In Reshaping the Human Condition: Exploring Human Enhancement, a recent report by the Rathenau Institute,in collaboration with the British Embassy in the Hague and the UK Parliamentary Office of Science and Technology, Professor the Lord Winston, Professor of Science and Society at Imperial College dismisses any concern about the application of nanotechnology research to the field of neuroscience as too nascent and inconclusive (Zonneveld et al. 2008). No other mention of nanotechnology occurs in the report. This view is common. In informal conversations with a number of leading researchers in the field of neural prosthetics, our colleague found little knowledge of nanotechnology or expectation that it would have any significant impact on the field for the near future. Current neural prosthetics technologies operate at the micrometer scale range, at the smallest, and this was deemed as sufficient for the design of neural implant devices (Robert, personal communication). Imagine our surprise, then, when a search of Web of Science generated over 10,000 research articles at the intersection of nanotechnology and neuroscience.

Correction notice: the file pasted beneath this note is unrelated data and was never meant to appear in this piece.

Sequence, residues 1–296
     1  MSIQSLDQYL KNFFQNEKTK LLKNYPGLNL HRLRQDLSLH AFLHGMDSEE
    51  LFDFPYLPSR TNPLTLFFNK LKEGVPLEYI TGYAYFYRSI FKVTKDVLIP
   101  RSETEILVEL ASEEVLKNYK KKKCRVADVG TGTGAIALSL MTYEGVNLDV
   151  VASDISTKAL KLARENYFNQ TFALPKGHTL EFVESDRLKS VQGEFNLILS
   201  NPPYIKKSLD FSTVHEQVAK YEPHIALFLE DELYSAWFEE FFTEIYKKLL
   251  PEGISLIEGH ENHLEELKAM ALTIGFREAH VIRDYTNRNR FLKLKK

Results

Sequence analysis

Author(s):Christina Nulle, Clark A. Miller, Alan Porter, and Harmeet Singh Gandhi
Organization(s): Arizona State University, Georgia Institute of Technology
Source: Nanotechnology, the Brain, and the Future – Yearbook of Nanotechnology in Society